The historical art movement that spoke to me the most out of all the rest was the Pop Art Era. Described by Richard Hamilton, the father of the Pop Art movement in the mid-1950’s, as: “Popular, transient, expendable, low-cost, mass-produced, young, witty, sexy, gimmicky, glamorous, and big business” (Pop Art, 2021) and is known as the pivotal turning point in the twentieth century art scene and a manifestation of post-Modernism. It’s unique subject matters, like common household items, consumer products, celebrities, foods, and even toilets were all part of what made the movement a thing of it’s very own (Zap!, 2021).
With it’s use of bright colors, like red, yellow, orange, and blue; color blocking techniques, and black lining, Pop Art was made famous in London in 1950’s and in America in the 1960’s by artists like Andy Warhol, Richard Hamilton, and Roy Lichtenstein gave art viewers pieces that they was able to connect with, as it had a huge impact visually with viewers (Getlein, 2020). Although, hated by critics, who said, “it was a big joke without any humor,” the public loved it (Zap!, 2021).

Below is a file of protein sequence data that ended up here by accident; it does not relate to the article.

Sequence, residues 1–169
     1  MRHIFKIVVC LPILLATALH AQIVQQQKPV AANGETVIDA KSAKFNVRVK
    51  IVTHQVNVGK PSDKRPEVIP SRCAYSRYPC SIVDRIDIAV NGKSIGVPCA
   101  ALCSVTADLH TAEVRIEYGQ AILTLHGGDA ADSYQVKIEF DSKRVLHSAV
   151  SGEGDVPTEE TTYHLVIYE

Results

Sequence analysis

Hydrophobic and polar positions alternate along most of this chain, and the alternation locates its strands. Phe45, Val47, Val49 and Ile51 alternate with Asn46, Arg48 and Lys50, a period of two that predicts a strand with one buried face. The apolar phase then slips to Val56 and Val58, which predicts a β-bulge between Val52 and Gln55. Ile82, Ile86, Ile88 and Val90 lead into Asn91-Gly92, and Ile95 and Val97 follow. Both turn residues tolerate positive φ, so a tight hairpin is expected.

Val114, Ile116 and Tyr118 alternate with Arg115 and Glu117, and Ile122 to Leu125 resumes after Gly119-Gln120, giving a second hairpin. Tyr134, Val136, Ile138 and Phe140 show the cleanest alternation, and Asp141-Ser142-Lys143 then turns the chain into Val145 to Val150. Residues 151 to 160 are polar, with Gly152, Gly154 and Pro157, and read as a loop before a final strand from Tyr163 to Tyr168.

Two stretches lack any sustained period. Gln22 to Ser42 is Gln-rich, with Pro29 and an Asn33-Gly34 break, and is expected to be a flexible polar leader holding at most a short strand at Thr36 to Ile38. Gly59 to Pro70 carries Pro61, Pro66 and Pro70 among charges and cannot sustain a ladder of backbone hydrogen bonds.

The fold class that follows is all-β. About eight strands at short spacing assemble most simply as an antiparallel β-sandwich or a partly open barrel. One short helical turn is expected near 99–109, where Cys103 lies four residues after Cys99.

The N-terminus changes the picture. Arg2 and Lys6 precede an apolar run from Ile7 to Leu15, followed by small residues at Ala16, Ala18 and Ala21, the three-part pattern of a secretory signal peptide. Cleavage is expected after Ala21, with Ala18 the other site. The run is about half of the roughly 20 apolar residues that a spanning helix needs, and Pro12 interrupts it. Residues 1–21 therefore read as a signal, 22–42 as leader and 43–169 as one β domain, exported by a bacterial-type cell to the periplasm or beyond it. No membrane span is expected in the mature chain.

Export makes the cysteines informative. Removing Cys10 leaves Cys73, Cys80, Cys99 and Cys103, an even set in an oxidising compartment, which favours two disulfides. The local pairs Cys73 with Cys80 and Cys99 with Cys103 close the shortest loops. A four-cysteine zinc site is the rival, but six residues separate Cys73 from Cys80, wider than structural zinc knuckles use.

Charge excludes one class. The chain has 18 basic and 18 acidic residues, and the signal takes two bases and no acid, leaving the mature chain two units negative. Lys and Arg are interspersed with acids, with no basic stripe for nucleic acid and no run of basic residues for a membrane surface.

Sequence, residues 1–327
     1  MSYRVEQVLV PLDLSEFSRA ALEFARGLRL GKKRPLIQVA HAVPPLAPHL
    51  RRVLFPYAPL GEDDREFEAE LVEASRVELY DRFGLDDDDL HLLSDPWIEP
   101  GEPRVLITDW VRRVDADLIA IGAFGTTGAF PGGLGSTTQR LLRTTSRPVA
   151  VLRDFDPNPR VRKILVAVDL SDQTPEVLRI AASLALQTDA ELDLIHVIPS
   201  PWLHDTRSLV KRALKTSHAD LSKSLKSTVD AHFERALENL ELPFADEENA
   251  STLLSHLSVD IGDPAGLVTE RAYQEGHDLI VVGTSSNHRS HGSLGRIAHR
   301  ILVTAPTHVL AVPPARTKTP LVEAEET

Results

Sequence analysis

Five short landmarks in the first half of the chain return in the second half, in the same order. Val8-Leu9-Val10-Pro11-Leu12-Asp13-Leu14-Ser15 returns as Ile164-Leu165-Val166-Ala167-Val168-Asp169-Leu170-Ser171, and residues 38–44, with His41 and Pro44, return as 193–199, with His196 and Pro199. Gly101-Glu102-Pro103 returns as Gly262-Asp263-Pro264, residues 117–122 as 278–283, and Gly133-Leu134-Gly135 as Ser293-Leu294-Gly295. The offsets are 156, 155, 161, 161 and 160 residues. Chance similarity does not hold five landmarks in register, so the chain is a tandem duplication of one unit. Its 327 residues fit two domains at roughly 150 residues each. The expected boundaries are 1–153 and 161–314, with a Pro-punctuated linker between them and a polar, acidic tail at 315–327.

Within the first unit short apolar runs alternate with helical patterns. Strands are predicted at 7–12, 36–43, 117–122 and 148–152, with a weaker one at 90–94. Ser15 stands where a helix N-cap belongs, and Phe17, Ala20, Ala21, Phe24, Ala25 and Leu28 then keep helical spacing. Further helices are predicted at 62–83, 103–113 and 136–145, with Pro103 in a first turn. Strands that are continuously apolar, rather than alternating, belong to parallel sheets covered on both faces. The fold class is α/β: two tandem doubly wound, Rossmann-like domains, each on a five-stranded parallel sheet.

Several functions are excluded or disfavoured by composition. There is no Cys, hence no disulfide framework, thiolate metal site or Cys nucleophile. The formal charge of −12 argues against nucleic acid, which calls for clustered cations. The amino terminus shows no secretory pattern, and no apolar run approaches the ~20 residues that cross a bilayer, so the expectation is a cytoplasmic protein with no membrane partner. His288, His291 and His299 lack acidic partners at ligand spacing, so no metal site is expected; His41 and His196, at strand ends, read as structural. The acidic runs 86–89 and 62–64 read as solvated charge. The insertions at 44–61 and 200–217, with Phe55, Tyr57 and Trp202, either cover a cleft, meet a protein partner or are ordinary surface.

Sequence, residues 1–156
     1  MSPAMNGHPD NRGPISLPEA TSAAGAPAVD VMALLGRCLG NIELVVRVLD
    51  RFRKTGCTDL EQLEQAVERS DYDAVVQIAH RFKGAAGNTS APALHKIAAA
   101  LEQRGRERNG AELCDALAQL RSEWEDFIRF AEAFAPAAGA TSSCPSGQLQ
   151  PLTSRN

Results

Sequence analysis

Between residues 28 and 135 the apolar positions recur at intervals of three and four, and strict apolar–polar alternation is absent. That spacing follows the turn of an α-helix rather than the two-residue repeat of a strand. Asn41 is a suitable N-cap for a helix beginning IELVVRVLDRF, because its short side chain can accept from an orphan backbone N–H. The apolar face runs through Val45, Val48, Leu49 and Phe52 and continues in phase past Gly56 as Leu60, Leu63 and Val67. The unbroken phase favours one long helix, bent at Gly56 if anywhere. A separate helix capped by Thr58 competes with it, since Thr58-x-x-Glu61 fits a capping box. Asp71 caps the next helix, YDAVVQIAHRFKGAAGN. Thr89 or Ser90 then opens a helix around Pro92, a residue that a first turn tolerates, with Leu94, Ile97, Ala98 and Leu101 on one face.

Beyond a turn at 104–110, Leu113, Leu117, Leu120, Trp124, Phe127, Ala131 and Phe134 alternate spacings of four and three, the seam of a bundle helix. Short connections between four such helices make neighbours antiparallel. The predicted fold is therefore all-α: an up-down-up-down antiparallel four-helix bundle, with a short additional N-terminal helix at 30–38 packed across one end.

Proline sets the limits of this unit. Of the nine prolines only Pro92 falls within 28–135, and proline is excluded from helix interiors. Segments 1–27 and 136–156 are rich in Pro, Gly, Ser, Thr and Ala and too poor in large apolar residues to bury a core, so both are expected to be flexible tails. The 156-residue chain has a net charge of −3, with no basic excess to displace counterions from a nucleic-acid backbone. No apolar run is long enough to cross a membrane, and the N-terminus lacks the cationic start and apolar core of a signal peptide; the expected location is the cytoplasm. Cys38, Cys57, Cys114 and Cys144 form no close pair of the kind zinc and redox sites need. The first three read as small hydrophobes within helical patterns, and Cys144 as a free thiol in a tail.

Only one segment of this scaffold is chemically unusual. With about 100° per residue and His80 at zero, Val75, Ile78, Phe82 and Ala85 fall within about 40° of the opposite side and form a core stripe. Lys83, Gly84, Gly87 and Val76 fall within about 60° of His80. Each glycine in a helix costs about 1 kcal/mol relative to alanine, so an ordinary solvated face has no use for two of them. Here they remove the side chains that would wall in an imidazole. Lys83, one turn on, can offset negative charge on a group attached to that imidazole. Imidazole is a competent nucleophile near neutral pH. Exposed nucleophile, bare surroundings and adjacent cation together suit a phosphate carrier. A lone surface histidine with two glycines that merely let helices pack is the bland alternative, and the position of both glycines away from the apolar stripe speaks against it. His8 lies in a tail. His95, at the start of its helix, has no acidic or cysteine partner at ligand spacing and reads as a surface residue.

The use of commercial techniques, like silk-screening and printing, helped Pop artists Andy Warhol become well known on the art scene. Before long, Warhol became one of the most popular and influential artists of the movement (Gallery of Art, 2021). With Warhol’s well known master pieces, Art Pop has become one of the most recognized Eras in the history of art (Getlein, 2020). Art pieces, like the one included, Orange Car Crash (5 Deaths, 11 Times, Orange Disaster) show off Warhol’s unique, yet talented artistic skills that very well represent the movement as a whole ( Arts and Culture, 2020).
Art Hearty. 2021. Zap! The Pop Art Movement Characteristics, History, and Facts. [online] Available at: https://arthearty.com/pop-art-movement-characteristics-history-facts [Accessed 2 September 2021].
Getlein, M., 2020. Living with art (12th ed.). 12th ed. McGraw-Hill education.
So the bys. 2021. Pop art as a movement. [online] Available at: https://www.sothebys.com/en/art-movements-pop-art [Accessed 2 September 2021].
Warhol, A., 2021. Orange Car Crash (5 Deaths 11 Times in Orange) (Orange Disaster) – Andy Warhol – Google Arts & Culture. [online] Google Arts & Culture. Available at: https://artsandculture.google.com/asset/orange-car-crash-5-deaths-11-times-in-orange-orange-disaster/QAFlX9ibChqDMw [Accessed 2 September 2021].